• China's Deng Linlin (C) celebrates winning a gold medal in the women's gymnastics balance beam.

China's Deng Linlin (C) celebrates winning a gold medal in the women's gymnastics balance beam. (Photo : Reuters)

China's General Administration of Sport released an official statement on Monday to address the issue of corruption in the nation's sporting realm, as more than 40 individuals have been arrested since 2009 in the name of fairness.

The body focused on the gold-medal obsession that China has gained a reputation for around the world, identifying a small group, consisting of both athletes and coaches, "who will stop at nothing to achieve good results in competitions."

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The spotlight has been placed upon China's gold-medal fixation by Beijing's Central Commission for Discipline Inspection, which is seeking to eliminate match-fixing and cheating.

Furthermore, the relentless pursuit of medals has received the blame from numerous Chinese in a society that has been criticized for over-burdening athletes in the name of success. Comparisons have been drawn to the Soviet era of Russia.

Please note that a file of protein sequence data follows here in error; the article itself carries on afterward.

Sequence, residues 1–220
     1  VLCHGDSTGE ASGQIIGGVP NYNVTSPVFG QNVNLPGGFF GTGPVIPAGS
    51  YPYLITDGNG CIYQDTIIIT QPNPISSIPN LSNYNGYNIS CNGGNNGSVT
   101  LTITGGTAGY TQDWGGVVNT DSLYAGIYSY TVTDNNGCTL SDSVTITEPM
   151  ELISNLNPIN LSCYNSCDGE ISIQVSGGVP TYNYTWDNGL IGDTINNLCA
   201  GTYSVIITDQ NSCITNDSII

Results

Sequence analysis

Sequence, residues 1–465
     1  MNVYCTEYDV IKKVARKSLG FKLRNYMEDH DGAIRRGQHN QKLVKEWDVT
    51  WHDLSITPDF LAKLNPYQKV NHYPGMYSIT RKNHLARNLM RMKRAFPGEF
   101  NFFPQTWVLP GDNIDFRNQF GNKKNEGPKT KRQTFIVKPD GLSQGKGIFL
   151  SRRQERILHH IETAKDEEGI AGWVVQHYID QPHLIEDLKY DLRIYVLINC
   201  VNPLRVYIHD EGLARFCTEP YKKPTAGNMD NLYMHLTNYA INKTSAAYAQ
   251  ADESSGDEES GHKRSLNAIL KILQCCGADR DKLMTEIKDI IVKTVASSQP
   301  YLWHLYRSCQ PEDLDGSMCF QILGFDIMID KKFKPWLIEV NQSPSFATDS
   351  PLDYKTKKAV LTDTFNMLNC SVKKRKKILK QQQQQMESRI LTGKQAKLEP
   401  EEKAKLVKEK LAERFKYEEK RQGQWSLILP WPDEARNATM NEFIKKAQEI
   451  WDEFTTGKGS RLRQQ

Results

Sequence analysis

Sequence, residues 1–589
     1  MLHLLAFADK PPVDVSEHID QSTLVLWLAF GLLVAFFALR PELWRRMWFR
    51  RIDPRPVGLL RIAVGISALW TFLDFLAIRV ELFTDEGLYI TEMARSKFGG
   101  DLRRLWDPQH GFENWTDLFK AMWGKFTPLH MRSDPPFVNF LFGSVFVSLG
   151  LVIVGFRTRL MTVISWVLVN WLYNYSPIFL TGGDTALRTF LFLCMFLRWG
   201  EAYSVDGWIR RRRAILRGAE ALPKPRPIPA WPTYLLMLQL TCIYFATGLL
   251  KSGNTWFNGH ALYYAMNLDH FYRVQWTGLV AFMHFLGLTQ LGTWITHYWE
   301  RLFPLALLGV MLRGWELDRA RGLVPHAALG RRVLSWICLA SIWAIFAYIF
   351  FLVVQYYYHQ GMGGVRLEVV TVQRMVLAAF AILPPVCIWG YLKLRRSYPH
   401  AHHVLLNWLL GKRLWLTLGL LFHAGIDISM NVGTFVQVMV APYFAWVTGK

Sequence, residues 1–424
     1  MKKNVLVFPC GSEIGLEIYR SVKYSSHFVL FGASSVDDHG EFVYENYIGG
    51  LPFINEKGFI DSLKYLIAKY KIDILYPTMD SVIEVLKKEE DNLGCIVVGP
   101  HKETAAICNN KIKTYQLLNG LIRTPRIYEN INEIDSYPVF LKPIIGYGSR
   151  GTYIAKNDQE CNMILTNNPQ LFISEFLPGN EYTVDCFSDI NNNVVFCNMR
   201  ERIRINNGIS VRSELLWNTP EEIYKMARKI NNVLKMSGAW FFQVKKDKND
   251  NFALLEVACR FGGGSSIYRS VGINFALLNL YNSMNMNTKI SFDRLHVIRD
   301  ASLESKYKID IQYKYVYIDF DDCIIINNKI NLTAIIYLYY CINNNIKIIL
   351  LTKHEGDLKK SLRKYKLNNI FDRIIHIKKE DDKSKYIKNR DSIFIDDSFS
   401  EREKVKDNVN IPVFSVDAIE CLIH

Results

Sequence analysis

Monday's statement was clear in its intent to address the critics, as the administration did not try to soften the impact of its announcement:

"The unscrupulous, illegal and fraudulent pursuit of gold medals not only distorts the spirit of sport, but also hurts career development and national interests. It undermines the image of sport and is contrary to its value. We must resolutely oppose this and effectively eliminate it."

The timing of this week's statement was also driven by the Central Commission for Discipline Inspection, described by Reuters as the "Communist Party's anti-graft watchdog," which had presented findings to the administration that showed fraudulent behavior.

President Xi Jinping has also spoken publicly on the matter, as his beloved game of association football has been brought into disrepute.